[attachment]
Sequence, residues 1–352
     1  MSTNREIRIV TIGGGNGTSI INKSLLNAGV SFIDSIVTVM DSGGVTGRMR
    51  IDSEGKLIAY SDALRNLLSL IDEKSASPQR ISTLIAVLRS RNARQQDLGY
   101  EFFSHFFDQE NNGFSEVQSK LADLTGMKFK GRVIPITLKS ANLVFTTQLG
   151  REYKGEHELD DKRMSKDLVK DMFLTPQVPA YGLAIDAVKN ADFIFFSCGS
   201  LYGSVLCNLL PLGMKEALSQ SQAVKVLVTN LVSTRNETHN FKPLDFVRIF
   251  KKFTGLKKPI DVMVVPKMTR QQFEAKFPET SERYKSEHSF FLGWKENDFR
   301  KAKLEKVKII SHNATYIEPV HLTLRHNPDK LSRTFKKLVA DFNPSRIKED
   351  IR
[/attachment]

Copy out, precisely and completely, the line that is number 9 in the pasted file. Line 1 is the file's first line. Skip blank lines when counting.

   351  IR